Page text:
Long ago, when I wanted to be a comic book artist, I imitated the art styles of my favorite comic book artists. When I started to write, I imitated the writers I admired. Creative types, be it writers or product designers, all get their start by imitating those who spark their imaginations. But imitation is dangerous if you can't make the leap beyond it.
Imitation is an easy trap product designers can easily get stuck in. The desire to be the next Facebook or the next [insert a popular social media product here] is tempting. But as we've said before, imitation is suicide. Yet, product designers continue to be dead serious about imitating what's popular and the argument has been made that they should be. Or has it?
Imitation is Only A Baby Step
Take for instance Oded Shenkar's book "Copycats". He argues that imitation is just as important as innovation. Companies, such as McDonalds and Wal-Mart, who imitate are more profitable than those they copied, he says. Well, wait a sec. So does that mean we all should be copying and nothing more? Not really.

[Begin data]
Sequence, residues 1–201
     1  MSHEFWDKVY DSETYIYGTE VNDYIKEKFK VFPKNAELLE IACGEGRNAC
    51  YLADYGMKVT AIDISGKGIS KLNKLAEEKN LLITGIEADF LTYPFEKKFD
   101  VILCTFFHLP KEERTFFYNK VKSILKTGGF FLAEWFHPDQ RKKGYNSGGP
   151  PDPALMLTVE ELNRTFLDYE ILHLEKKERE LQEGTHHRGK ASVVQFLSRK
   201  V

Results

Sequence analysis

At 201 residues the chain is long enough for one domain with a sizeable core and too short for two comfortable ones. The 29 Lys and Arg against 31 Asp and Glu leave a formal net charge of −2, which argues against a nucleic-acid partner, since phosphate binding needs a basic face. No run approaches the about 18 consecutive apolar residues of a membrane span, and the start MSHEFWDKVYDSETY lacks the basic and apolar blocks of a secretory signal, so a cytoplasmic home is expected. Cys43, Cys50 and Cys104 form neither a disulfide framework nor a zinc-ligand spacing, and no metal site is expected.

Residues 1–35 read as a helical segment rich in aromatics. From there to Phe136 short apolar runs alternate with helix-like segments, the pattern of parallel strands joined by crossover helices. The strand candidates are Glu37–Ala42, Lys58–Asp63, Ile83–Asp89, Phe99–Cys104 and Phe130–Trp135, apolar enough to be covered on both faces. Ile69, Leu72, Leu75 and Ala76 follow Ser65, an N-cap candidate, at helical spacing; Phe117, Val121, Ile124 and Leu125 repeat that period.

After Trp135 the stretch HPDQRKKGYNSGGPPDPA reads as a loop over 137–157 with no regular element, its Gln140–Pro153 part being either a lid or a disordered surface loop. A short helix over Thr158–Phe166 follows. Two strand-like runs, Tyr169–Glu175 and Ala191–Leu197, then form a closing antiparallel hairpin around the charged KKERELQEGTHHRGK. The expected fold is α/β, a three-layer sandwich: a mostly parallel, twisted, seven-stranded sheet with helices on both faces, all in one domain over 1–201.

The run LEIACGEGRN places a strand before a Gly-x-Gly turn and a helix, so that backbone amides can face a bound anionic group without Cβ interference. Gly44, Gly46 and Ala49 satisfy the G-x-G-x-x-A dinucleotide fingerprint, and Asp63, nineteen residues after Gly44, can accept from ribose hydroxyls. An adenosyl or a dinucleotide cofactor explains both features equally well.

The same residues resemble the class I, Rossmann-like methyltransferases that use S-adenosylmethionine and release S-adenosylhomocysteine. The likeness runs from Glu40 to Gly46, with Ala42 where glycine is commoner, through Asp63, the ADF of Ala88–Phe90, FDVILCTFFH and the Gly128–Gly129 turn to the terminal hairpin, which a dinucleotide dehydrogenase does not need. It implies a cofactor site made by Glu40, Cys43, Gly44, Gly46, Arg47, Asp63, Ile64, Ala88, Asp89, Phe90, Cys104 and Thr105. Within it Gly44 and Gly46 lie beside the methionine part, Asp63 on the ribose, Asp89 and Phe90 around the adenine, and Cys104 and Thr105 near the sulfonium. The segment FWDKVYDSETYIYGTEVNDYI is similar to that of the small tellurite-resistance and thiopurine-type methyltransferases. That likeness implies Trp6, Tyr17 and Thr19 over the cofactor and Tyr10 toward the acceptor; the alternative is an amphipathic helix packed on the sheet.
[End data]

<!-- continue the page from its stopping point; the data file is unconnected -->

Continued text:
If you read between the lines of this interview with Shenkar, what he really is talking about is innovation by any other name. Particularly when he says:
Think Wal-Mart. Its founder admitted that it had borrowed most of its practices from its predecessors but then improved on them and combined them into a winning formula.
In other words, Wal-Mart started by copying defunct discount-store Korvette, but later took the next step, transforming its business and innovating on what had come before.
New York filmmaker Kirby Fergusson, who has just finished his four-part series on creativity, "Everything is Remixed," puts it another way. He says copying is where you get to know your creative turf, but it's only the first, baby step in the creative process. Check out this talk Fergusson gave at last year's GEL conference on that idea below and notice how imitation is not enough when it comes to creativity:
Sure, the next big innovation is probably 10 or 20 years old. But it's not enough to simply imitate those old inventions and give them a new name. Like what Steve Jobs did with Xerox's computer and mouse, we have to see the opportunities that were missed and improve upon them. We have to transform and leap beyond imitation. That's when innovation truly begins.